2. Sarah Me – Thanks for the great post on the digitization trends in K-12 education. The same tensions are evident at the university level with Barnes and Noble Education (“BNED”) and Follett, the two largest third-party college bookstore operators in the U.S. BNED, for example, had been investing ~$26mm per year over the last three years in its Yuzu educational technology platform to position itself for the eventual digital transition in educational content delivery. Due to slow adoption rates at the university level, BNED recently wrote off its Yuzu investment and decided to partner with a third-party developer instead. In fact, it appears that both students and teachers are slow to change, making the timing of the digital transformation difficult to predict (according to a recent study, 90% of college students prefer reading paper books over e-book). [1]

    How do you decide how much to invest in an uncertain digital future? As we saw with BNED, investment timing really matters: start too soon and you waste shareholder capital but start too late and you could lose relevance in a fast-changing market. Given the dynamic education market, how do you know?


  3. I totally agree with your comment that “HMH needs to signal to its customer that the true value proposition of the products is the functionality of its platform, rather than being the fastest or most tech-enabled software”. There are a couple of major challenges that education companies face during the transition into the digital world: (1) teachers don’t feel comfortable using the solutions and don’t understand how to use it in the most effective way (other than simply substituting physical textbooks for digital equivalents) (2) fears that the beginning of the digital age marks the end of the teaching profession. As you say, it will be important for HMH to solve these problems rather than focusing on rapidly digitizing. One important piece of the puzzle is to coach teachers on how to use the material effectively and to increase awareness that these tools will be a fantastic supplement, rather than replacement for teachers.

  4. The digitization of education is very interesting. I believe many schools look to technology as a one-size fits all problem that will solve all the issues that American classrooms are facing. However, many educators have voiced concerns with the shift towards technology. Scientists have determined that the brain interprets digital and printed text differently, and that in fact comprehension is diminished when reading via a digital screen. Scientists have used fMRI while students read to see how the brain works when a subject is reading. The research showed that when reading print different neural pathways are used than when reading digital. This suggests that digital may not be a one to one switch for students. While I think digitization can serve a great purpose in the administrative tasks of a classroom, I worry that the world has too readily accepted technology as an easy panacea for all the problems that are faced in the classroom. I would hope that before schools completely eliminate paper in the classroom that they spend time assessing the negative externalities that come with going digital.

  5. Sarah, excellent article on the state of the edtech industry.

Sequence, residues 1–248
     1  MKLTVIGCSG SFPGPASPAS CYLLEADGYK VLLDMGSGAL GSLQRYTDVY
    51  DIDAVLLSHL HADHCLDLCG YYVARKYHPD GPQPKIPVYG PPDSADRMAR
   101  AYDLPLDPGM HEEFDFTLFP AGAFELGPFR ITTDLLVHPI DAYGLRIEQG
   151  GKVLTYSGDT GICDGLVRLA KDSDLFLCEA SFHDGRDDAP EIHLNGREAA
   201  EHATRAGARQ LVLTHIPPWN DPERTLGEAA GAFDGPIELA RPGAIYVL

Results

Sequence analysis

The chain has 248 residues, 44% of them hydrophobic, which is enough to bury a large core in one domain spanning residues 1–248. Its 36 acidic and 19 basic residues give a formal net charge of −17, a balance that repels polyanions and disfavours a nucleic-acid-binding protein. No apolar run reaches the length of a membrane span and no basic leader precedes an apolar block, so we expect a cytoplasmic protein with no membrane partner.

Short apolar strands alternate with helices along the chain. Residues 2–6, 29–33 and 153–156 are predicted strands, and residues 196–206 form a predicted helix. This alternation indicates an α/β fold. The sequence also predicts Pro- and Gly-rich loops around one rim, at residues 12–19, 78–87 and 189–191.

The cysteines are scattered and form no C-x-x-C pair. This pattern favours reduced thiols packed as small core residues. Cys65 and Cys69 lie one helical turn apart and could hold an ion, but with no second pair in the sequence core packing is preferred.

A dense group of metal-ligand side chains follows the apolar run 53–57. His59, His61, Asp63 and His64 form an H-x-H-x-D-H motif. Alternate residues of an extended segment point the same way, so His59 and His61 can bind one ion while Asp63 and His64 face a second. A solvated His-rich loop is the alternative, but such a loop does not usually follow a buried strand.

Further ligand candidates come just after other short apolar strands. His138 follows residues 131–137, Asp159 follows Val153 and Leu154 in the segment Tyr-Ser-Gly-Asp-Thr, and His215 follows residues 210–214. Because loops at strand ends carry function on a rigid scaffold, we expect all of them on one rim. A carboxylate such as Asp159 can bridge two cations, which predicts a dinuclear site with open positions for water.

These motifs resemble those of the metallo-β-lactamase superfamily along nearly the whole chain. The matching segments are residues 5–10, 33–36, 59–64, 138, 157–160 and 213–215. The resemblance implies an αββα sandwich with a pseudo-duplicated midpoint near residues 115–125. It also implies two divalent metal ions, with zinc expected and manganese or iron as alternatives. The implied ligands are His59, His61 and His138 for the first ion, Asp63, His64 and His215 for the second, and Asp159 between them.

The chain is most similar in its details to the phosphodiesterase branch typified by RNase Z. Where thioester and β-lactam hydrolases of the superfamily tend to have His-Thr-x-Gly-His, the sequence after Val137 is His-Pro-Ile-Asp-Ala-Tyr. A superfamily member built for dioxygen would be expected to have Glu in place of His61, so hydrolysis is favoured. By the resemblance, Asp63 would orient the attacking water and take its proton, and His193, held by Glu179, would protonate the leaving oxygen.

I actually wonder more broadly whether edtech is articulating the right value proposition to a consumer-base of predominantly public institutions with ever-shrinking budgets and ever-soaring mandates to improve. While I believe many of us appreciate the convenience and additional functions available through digitizing our learning materials, many less prosperous school districts can likely only justify these purchases through their proven ability to improve student performance on exams. Calling for an industry to perpetuate an imperfect system is of course not the objective, but may be necessary to continue its growth.


  6. Sarah – I really enjoyed this post. I actually spent a fair bit of time researching edtech companies in my prior job. We found them to be highly defensive companies to invest in, due to the ways in which they provide cost savings to the educational industry. I wonder how much HMH uses cost savings in its pitch to schools. I agree, costs to switching are incredibly high in this industry and therefore it is paramount to have a service with proven results. Cost savings matched with results is an unbeatable combination for a company. Also, I wondering if HMH is planning to move into any other adjacent categories such as dropout recovery.The state will actually pay edtech companies to find highschool dropouts and educate them via online platforms so that they can pass their GED tests.

  7. Very interesting post. I would love to hear what you think about recent forays into education technology by higher education, like Harvard. As Pooch mentioned, edtech companies can offer substantial cost savings to schools. Edtech also has the potential to offer significant cost savings to students, however that is not always the case. Many RCs took Harvard’s HBx CORE before starting business school instead of the traditional bootcamp that HBS usually offers. For many this was an easier way to take classes, for many it was not as effective. Do you think that higher education has a responsibility to experiment with edtech advancements or, conversely, do they have an obligation to continue to offer students traditional education approaches?